The Supreme Court Cuts Back

March 17, 1992

The Supreme Court recently completed scheduling cases for the 1991-1992 term. The number of opinions that will be handed down for the term will be the smallest in over 20 years. In the 1970s, the court averaged 140 decisions a year. In the 1980s, it averaged 151. Last term (1990-1991), the court handed down 120 opinions. This year's total could be only slightly more than 100.

Something is going on, and it is not that Americans have quit filing lawsuits and appeals. In fact, there have been more requests of the Supreme Court to hear cases this term than ever.

There are several reasons for this slimmed down schedule. For one thing, in 1988 Congress eliminated mandatory review of several classes of lower court decisions. So the justices can vote not to hear cases now that they would have been required to hear before.

Also, the solicitor general asks the court to hear fewer cases than in the past because the government is more satisfied with lower court decisions now than before. And that is because the Reagan-Bush era has produced conservative courts in every federal circuit.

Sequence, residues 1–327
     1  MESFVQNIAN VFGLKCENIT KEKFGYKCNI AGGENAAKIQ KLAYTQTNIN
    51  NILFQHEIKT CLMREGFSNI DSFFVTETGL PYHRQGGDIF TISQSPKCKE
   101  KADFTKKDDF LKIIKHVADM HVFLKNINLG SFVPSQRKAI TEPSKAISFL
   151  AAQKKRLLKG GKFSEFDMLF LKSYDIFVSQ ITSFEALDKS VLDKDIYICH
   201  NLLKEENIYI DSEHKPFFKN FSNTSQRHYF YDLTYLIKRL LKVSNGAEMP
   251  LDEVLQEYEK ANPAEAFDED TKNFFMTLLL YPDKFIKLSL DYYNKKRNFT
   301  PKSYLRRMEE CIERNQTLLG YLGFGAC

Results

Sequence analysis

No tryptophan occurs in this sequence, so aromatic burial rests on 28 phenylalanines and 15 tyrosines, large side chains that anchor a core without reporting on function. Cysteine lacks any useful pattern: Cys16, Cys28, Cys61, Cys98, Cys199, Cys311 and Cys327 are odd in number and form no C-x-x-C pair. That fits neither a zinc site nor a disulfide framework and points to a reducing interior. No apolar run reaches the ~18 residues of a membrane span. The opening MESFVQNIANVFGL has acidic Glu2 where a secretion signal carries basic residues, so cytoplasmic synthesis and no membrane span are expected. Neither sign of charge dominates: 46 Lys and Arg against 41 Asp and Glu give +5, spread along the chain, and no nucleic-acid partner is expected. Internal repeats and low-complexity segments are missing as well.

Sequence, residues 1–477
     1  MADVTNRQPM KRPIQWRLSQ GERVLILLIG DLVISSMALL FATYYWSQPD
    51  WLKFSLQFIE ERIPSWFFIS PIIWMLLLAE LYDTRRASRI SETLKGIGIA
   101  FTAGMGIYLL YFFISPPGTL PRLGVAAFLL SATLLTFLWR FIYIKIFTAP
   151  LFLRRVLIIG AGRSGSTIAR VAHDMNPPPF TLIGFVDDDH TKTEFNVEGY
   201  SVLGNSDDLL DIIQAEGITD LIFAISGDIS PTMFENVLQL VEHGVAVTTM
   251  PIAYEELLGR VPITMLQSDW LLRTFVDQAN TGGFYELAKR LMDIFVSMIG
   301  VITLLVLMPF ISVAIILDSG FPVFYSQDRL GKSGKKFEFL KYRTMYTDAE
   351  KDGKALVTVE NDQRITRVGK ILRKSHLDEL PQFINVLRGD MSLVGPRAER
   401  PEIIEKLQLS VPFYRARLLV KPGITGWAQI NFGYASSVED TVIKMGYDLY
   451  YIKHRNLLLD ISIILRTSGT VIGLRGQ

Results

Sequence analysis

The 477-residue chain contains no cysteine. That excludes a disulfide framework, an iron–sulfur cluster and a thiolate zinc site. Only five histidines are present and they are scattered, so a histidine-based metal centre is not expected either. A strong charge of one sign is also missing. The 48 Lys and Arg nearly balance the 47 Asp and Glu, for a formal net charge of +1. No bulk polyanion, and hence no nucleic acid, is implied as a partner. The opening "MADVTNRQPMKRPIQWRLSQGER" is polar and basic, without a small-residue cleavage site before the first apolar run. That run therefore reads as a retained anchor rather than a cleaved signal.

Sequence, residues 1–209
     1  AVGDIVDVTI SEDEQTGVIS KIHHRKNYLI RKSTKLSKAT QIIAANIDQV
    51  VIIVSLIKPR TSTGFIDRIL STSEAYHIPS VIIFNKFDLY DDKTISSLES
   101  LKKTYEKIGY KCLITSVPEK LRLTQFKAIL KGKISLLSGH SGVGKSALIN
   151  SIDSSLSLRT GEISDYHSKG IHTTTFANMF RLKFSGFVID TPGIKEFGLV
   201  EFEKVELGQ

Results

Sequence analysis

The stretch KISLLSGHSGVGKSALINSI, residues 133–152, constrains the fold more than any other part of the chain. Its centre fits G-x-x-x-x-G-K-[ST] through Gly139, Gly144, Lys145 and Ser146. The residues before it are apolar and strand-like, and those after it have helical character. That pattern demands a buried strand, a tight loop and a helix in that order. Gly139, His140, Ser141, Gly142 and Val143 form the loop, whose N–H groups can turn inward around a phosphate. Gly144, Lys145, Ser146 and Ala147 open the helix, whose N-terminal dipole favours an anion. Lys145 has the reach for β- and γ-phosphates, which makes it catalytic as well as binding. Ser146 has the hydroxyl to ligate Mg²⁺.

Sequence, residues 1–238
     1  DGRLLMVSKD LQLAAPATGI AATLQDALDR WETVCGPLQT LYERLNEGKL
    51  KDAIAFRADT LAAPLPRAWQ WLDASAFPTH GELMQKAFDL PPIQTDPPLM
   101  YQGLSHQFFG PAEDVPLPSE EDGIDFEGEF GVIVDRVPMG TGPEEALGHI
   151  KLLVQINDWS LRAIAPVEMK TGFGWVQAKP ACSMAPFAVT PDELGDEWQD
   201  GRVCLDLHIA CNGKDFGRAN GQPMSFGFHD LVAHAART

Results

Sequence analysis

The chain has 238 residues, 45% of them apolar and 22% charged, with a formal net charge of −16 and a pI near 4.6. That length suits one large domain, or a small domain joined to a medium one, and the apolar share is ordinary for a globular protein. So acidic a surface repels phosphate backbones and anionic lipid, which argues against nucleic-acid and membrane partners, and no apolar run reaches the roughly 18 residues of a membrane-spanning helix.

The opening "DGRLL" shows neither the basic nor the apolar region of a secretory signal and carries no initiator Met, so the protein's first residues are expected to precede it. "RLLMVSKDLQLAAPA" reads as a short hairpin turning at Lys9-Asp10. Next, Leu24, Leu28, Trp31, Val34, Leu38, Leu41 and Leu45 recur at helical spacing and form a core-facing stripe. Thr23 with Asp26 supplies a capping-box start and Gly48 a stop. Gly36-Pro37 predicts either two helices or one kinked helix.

Reagan-Bush appointees, plus present vacancies, add up to majorities in every circuit but one -- and in that one (the Ninth, the Pacific region), 14 of the 28 judges are Reagan-Bush appointees and a 15th judge is a Richard Nixon appointee. The Fourth Circuit, which includes Maryland, will soon have eight (of 15) Reagan-Bush judges, plus one Gerald Ford and one Nixon appointee.

This judicial monolith means fewer disagreements between circuits on important questions. The Supreme Court is expected to resolve such disagreements. The fewer there are, the less work for the justices. Their conservative ideas about the law are being imposed for them by other judges.

Few things a president does have more long-lasting impact than the selection of appeals court judges, especially to the Supreme Court. Two-thirds of all appellate judges now on the bench are Reagan-Bush appointees. Three-quarters of all of them are appointees of Republican presidents. Another full term for George Bush could result in an appellate judiciary that is 90-plus percent a product of GOP presidents. That could give the Supreme Court even less to do in the future.

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